The state House gave preliminary approval to a bill that would require DNA samples to be collected from anyone arrested and charged with a violent felony.
Upon final approval in the House, the bill would head to the Senate for a vote. The House vote Tuesday was 92-23.
Currently, DNA is collected only from those convicted of a felony. Samples would include only information that could identify a person and not information such as health predispositions or family traits.
The samples would be sent to a searchable FBI database. They would be collected from those arrested in violent crimes or charged with offenses such as stalking.
The bill is supported by Attorney General Roy Cooper, whose office estimates the collection of DNA at arrest would allow law enforcement agencies to solve 100 previously unsolved cases in the first year.
The idea is to catch the guilty faster and get them off the streets, preventing crimes altogether, said Rep. Wil Neumann, a Gaston County Republican who is co-sponsoring the bill. DNA can rule out innocent suspects as well, he said.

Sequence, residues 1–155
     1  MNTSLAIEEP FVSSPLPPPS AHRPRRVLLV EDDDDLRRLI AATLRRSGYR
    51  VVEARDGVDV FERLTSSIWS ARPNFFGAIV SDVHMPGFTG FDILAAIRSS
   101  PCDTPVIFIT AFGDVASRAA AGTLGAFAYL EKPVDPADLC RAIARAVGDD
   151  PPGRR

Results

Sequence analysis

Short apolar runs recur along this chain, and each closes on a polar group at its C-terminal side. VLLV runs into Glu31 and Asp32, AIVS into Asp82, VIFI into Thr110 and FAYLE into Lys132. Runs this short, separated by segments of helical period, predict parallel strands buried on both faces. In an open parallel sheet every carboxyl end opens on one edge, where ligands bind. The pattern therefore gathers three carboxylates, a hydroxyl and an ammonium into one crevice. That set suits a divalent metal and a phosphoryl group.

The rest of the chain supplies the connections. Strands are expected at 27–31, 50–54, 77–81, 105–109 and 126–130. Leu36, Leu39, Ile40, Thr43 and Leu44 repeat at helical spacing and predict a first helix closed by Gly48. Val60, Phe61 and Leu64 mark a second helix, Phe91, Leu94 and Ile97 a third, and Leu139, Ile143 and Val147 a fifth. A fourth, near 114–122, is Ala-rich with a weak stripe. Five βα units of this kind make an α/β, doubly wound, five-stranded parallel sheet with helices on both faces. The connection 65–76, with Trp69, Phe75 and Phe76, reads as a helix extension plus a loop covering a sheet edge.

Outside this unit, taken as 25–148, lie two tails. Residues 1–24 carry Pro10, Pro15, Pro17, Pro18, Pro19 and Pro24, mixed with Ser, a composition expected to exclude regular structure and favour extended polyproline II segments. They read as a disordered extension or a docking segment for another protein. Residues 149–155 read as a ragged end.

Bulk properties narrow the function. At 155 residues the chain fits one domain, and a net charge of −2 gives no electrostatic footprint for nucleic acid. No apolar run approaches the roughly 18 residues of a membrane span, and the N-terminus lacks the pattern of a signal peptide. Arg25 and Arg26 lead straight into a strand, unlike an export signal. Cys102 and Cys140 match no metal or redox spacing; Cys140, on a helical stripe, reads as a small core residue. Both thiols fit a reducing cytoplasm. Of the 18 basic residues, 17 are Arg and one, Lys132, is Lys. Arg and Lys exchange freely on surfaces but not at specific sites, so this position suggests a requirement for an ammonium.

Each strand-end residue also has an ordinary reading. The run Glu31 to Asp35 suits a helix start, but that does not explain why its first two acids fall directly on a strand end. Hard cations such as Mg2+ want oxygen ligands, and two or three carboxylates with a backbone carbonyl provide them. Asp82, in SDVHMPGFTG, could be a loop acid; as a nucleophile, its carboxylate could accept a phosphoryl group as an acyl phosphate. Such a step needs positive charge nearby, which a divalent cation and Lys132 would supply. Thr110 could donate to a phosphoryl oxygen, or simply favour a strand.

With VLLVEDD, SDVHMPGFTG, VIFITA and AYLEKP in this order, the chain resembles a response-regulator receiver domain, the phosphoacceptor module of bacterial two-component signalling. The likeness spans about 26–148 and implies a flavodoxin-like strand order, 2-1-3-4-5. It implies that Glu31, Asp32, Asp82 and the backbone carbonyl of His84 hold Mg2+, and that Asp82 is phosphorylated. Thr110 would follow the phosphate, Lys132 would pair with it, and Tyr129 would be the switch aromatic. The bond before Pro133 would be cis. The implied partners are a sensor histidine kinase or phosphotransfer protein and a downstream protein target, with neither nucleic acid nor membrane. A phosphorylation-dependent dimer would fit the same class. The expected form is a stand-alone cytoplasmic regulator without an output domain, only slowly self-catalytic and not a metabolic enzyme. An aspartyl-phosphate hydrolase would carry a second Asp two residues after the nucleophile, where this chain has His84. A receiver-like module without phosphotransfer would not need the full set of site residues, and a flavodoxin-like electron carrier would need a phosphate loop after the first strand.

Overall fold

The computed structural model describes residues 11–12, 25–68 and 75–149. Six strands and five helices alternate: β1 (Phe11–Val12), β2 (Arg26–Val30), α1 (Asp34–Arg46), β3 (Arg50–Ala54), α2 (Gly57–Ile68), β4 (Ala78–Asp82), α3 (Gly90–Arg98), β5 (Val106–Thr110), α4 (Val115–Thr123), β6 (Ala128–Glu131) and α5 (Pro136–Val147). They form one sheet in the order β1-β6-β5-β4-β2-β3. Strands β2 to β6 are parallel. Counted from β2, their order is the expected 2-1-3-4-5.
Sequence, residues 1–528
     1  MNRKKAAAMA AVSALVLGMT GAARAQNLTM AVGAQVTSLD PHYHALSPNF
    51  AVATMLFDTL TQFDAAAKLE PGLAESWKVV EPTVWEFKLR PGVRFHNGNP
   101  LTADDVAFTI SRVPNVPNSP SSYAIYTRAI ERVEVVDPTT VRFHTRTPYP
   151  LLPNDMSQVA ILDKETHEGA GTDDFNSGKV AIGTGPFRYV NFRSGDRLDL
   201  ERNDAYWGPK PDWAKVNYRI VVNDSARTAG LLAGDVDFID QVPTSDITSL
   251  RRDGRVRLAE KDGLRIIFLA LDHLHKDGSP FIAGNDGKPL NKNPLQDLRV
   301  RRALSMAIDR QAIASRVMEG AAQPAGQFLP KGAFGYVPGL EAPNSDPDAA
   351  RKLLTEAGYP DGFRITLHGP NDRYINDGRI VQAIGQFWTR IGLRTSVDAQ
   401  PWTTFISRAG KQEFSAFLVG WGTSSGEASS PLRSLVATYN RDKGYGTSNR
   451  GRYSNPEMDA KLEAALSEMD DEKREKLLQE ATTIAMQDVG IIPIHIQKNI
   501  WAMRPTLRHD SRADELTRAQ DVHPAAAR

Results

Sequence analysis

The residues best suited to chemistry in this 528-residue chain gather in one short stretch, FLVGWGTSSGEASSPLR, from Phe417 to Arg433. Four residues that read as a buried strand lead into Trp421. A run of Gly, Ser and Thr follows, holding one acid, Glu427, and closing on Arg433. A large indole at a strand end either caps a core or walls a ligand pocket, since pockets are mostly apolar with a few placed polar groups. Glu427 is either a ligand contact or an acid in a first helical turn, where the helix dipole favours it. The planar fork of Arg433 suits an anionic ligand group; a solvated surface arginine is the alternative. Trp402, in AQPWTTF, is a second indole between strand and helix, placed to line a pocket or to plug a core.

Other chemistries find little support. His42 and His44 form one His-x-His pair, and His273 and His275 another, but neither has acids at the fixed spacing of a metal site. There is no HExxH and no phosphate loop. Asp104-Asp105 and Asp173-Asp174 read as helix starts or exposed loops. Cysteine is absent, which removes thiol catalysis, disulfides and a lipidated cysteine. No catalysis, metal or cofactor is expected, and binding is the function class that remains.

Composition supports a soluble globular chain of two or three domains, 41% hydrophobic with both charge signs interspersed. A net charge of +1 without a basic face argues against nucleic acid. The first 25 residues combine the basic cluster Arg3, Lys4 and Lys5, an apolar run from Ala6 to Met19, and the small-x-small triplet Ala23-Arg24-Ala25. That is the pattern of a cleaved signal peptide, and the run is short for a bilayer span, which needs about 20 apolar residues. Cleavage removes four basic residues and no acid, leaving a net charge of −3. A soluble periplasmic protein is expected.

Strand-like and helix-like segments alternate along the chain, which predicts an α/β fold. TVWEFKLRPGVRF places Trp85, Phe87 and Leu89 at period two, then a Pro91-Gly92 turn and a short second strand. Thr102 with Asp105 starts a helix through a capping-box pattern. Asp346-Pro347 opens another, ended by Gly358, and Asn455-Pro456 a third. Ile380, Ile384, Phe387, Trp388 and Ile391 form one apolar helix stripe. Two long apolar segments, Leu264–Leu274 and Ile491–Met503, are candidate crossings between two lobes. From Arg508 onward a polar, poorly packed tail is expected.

Opponents said they feared the bill was an encroachment on privacy rights for people who have only been accused of a crime. "Under this bill, we would be taking DNA from arrestees - that is to say from the innocent," said Rep. Paul Luebke, a Durham Democrat.
If a person is acquitted or the charges are dropped, the state would have to remove the DNA sample from the database.
Supporters of the bill said the DNA samples should be thought of as fingerprints.
Rep. Rick Glazier, a Fayetteville Democrat, said he had some reservations about collecting DNA before a conviction. Glazier, a lawyer, represented Lesley Jean, a former Marine who was falsely convicted of a 1982 rape. DNA eventually proved he was innocent.
"I've come to the conclusion that the benefits here are more substantial," Glazier said.